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J R Soc Med. 2006 February; 99(2): 54.
PMCID: PMC1360483

History of brucellosis

We read with interest Dr Wyatt's article (October 2005 JRSM1) on Zammit's discovery that brucellosis was transmitted by goat milk. We would like to add the names of some other people who were involved in the research.

First, Dr Carruana-Secluna, who accompanied Zammit to Chadwick Lakes, carried out a great deal of work for Sir David Bruce—he prepared the agar plates and the culture media and cultured the causative organism from the spleen samples of fatal cases. He never received proper recognition for his work and Sir David Bruce did not allow him to be co-author on any publications. Secondly, Surgeon Captain M. Louis Hughes assisted Bruce in his studies and first named the disease `undulant fever'. He also named the organism Micrococcus melitensis, although he was wrong about the source of infection, believing it to be resident in the soil and inhaled by the human. Hughes was killed in the Boer war at the age of 32.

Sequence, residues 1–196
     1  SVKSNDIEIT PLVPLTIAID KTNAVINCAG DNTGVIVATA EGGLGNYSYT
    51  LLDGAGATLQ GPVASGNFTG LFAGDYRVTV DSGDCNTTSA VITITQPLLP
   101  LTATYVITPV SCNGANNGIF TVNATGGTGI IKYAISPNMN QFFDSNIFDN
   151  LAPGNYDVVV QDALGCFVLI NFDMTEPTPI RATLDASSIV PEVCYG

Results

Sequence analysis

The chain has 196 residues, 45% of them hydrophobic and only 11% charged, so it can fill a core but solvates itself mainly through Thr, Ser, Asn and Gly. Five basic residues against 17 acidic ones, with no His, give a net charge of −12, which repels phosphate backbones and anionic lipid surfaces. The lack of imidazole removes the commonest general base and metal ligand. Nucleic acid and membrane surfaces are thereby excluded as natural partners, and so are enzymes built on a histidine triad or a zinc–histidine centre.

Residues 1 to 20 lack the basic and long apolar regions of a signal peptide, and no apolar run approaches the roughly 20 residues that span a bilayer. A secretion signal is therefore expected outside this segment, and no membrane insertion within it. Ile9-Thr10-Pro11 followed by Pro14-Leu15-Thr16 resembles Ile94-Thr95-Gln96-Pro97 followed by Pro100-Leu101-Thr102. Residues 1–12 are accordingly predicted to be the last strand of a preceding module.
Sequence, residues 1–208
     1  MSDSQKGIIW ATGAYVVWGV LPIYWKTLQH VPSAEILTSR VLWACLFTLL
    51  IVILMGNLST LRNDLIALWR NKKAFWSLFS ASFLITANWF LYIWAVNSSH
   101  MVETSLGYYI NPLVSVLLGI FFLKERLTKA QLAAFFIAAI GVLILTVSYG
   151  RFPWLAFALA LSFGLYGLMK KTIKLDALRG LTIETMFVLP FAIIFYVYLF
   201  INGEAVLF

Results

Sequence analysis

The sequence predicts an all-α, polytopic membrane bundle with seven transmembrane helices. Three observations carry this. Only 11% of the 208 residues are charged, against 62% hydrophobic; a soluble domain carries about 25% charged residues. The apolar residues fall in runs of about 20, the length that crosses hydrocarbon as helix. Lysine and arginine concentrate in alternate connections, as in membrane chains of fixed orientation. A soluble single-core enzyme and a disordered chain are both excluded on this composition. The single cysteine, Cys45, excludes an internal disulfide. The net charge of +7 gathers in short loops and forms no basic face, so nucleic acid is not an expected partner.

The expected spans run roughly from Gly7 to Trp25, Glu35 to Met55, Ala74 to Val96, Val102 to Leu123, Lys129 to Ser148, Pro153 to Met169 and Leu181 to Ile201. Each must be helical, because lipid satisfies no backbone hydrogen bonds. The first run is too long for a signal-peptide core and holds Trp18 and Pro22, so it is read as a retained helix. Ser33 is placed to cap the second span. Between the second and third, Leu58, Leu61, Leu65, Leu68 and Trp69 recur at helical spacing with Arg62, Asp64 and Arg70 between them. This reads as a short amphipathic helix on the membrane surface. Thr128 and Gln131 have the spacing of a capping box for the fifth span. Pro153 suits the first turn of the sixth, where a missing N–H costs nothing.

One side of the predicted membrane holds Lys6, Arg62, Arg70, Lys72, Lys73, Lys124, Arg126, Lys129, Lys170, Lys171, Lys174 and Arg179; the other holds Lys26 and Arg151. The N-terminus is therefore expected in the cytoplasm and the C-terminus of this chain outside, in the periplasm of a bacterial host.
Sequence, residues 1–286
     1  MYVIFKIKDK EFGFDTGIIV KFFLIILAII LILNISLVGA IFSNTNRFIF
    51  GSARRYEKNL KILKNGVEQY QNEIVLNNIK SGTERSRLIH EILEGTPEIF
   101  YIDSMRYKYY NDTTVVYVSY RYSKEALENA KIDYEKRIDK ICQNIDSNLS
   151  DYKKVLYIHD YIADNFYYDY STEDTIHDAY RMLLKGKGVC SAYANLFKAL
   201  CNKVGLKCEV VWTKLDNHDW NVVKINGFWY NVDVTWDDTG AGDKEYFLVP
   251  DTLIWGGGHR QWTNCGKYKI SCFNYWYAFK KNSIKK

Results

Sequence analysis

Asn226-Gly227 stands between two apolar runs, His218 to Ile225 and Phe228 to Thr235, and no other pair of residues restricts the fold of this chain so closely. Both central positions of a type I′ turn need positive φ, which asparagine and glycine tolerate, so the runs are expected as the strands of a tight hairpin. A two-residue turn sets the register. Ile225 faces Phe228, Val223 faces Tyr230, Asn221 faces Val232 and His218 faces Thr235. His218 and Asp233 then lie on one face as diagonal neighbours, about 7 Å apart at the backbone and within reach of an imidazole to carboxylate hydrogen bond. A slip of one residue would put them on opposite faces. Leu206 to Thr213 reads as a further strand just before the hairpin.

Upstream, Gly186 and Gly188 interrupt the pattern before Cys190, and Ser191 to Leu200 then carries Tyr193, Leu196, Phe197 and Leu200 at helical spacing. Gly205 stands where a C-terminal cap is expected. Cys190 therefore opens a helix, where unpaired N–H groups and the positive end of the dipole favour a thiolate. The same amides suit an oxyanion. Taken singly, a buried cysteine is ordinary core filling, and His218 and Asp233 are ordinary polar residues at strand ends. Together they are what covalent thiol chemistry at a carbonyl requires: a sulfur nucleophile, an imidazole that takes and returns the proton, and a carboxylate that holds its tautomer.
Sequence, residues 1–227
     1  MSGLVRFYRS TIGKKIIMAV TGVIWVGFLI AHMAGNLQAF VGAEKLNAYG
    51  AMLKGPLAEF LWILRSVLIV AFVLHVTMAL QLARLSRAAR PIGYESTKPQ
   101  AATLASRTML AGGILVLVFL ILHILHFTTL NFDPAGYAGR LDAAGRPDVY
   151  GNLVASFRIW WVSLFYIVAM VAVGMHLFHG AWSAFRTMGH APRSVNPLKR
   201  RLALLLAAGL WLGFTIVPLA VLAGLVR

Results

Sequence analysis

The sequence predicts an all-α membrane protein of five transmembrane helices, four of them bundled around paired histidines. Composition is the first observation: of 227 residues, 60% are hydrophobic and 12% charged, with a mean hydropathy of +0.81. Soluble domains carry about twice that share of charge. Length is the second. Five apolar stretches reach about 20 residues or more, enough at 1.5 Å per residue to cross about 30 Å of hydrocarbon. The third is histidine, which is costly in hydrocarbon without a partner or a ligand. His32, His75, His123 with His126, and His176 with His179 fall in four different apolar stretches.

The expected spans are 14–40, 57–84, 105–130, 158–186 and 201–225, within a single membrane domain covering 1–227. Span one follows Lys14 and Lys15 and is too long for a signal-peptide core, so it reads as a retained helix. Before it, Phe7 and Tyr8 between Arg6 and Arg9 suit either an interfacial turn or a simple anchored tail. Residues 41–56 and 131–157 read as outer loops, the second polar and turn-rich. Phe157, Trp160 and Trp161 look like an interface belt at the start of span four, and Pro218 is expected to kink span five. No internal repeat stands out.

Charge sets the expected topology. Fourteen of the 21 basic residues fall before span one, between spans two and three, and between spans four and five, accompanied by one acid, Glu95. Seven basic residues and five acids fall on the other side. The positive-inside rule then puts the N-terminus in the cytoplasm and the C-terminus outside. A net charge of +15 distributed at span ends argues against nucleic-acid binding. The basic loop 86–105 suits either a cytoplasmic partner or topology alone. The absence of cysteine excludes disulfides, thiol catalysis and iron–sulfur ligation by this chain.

Sir David's wife Lady Bruce was a trained microbiologist, and took an active part in her husband's research, including the exquisite illustrations to his papers.2

Finally, it is worth noting that Zammit was knighted—an honour given for his work.

References

1. Wyatt HV. How Themistocles Zammit found Malta fever (brucellosis) to be transmitted by the milk of goats. J R Soc Med 2005;98: 451-4 [PMC free article] [PubMed]
2. Madkour M Monir. Madkour's Brucellosis, 2nd edn. Berlin: Springer, 2001

Articles from Journal of the Royal Society of Medicine are provided here courtesy of Royal Society of Medicine Press